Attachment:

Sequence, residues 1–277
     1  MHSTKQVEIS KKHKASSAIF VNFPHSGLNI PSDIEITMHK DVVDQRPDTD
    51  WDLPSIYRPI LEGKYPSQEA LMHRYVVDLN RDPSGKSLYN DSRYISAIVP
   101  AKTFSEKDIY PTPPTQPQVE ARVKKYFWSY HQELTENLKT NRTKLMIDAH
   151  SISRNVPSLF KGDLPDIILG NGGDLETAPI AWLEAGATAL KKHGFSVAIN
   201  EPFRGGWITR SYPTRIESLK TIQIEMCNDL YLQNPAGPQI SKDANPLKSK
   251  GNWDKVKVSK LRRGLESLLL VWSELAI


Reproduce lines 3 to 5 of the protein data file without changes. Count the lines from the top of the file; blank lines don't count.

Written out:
    51  WDLPSIYRPI LEGKYPSQEA LMHRYVVDLN RDPSGKSLYN DSRYISAIVP
   101  AKTFSEKDIY PTPPTQPQVE ARVKKYFWSY HQELTENLKT NRTKLMIDAH
   151  SISRNVPSLF KGDLPDIILG NGGDLETAPI AWLEAGATAL KKHGFSVAIN